In the middle of July, the project’s ongoing archival research programme turned its attention to the holdings at the Museum of English Rural Life at the University of Reading, which include some relevant and interesting materials, particularly relating to the National Union of Agricultural Workers (NUAW). Mike and Laura, who have been conducting the archival work to date, booked in for a day at MERL, and this provided a chance for Paul and Carmen to head down the hill from Whiteknights to learn more about the process of archival research at first hand.
The single most striking observation that Carmen and I made, as novice archive-miners, was the degree of discernment/intuition/expertise needed to search through the catalogues to work out exactly what it is you want to look at. It sounds obvious, but when there are large holdings, and much that is available only via request from the archive (so the friendly local archivist must locate the boxes in storage and deliver them to you), a good deal of decision-making is required to ensure that efforts are focused on the right materials, or at least in the directions that are most likely to be productive. The value of this became apparent as we began sifting through the contents of the first boxes – the Minutes of the Health Safety and Welfare Committee of the NUAW. Each bundle of documents took some time to read for relevant material, and this made that initial search and sort task even more important.
The MERL Reading Room.
The second observation was about the needs and conventions of the particular research context. Many of the materials we were dealing with were more than fifty years old and needed careful handling; the reading room at MERL was full of researchers working on their own projects, making it important for us to be quiet and considerate to others; and the rules of the archive (sign in and provide ID; no pens, only pencils!) must be respected. We also learned the methods involved in using a digital SLR camera to photograph copies of documents for future reference, and the need for careful recording of what you had looked at and in what order!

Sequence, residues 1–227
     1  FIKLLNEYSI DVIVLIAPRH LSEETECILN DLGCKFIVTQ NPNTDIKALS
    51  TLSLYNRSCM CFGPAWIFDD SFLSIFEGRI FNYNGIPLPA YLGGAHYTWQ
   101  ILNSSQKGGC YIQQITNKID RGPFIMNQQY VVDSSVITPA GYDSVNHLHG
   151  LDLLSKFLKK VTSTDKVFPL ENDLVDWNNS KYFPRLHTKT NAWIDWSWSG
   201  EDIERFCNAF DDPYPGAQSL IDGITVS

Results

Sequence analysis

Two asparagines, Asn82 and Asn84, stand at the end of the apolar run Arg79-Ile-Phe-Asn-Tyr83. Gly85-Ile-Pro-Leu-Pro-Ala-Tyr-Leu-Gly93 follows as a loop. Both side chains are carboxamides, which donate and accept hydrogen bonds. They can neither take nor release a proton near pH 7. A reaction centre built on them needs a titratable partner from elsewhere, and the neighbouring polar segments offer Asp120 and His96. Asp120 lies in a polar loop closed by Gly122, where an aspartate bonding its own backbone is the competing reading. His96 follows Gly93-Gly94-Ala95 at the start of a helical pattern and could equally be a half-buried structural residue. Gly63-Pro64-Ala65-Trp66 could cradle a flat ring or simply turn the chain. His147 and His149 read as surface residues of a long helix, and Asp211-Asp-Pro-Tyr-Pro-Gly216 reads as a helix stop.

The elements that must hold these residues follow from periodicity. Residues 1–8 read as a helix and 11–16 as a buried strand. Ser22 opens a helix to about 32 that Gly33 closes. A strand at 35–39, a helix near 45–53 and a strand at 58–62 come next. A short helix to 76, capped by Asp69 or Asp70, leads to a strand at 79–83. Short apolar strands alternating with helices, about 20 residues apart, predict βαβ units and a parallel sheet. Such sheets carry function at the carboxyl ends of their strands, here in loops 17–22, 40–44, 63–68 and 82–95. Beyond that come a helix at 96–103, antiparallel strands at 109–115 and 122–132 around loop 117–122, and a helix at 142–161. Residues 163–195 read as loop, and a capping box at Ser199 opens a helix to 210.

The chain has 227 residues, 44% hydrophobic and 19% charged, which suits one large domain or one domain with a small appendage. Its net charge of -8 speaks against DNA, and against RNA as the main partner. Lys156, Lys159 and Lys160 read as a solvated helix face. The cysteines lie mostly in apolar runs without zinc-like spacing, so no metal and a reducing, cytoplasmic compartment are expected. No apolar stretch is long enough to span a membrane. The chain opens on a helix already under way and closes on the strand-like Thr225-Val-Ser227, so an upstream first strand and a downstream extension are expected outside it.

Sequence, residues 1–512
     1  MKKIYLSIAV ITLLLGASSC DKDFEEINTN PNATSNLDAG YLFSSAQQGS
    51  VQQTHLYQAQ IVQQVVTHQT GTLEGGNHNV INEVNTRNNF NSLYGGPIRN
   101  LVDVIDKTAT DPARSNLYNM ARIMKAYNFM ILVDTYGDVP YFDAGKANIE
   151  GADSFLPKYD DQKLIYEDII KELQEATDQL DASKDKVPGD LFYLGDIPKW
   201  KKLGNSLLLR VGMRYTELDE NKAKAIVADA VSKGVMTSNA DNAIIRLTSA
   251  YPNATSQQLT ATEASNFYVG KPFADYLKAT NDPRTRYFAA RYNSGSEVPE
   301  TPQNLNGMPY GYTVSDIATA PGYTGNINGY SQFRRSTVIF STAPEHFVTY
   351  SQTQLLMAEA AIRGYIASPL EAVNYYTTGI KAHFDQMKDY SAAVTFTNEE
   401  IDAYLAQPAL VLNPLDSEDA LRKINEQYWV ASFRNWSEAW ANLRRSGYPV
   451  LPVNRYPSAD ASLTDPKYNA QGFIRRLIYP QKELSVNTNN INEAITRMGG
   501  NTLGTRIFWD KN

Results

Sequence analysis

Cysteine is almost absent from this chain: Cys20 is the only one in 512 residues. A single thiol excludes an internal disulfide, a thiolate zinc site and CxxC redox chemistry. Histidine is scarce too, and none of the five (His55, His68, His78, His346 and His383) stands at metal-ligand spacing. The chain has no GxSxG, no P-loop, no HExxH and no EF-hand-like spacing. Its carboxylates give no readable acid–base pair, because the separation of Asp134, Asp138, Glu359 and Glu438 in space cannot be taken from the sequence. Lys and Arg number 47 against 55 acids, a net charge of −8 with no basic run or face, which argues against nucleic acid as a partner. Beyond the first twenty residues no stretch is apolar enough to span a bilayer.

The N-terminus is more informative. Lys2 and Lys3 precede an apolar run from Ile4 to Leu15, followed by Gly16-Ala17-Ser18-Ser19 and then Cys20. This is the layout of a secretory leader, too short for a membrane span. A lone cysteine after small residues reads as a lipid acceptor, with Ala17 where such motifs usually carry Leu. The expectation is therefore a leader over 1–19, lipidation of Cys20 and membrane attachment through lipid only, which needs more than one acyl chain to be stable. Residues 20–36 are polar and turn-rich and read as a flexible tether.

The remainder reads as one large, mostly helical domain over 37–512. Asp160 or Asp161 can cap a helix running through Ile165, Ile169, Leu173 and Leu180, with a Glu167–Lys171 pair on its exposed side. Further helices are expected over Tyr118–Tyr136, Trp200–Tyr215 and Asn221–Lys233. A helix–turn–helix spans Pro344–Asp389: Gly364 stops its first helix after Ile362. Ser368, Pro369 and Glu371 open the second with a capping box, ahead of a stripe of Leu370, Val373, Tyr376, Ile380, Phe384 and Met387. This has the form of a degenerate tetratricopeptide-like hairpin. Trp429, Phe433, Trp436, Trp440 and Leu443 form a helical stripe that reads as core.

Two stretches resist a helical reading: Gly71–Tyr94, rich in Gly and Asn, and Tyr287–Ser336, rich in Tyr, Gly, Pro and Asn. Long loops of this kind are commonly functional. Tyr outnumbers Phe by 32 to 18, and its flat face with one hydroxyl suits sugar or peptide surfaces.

But the most important lesson learned was the value and insight that comes from engaging with historical materials at first hand. Like a sleuth from a detective novel, finding a snippet of info in a document, snapping a picture, and then following the lead as it develops felt like a real thrill. As an example, I was lucky enough to get the box containing the NUAW H+S Committee minutes from 1970-75 – so contemporary with the Robens Report of 1972 and the passing of the HSWA 1974. It was exciting to track the initial concerns raised by the NUAW about the exclusion of agricultural workers from the scope of the Robens Report, through to evidence of the to-and-fro with government over this issue, and then to the efforts to understand the implications of the general duties contained in HSWA 1974 ss.2-3 (which apply to all employees and others affected by business activities) for farm workers.
It was even more exciting to cross-reference these concerns to contemporaneous evidence from Hansard, to see when and how these issues were raised within the legislative process, including by a youthful Neil Kinnock during Commons debate on 21/05/1973. We also located evidence as to controversies during the post-1974 implementation of the new law, including the ongoing argument (1974-6) between the NUAW and the Country Landowners Association about whether agricultural workplaces should be excluded from the scope of the new unified inspectorate (the HSE) and, by 1978, the emergence of disquiet about the limitations of tripartite working within Industry Advisory Committees.
Overall, the real benefit of going back to the archives is that the sources force us not to take for granted any of our contemporary assumptions about the Robens era. Consensual and tripartite working was shaky in practice; unified inspection and legislation was never a foregone conclusion; and the implications and meanings of the broad duties within the HSWA 1974 took time to be recognised and understood. Reform was thus an ongoing process, not a single event, and that is a crucial realisation for the rest of this project.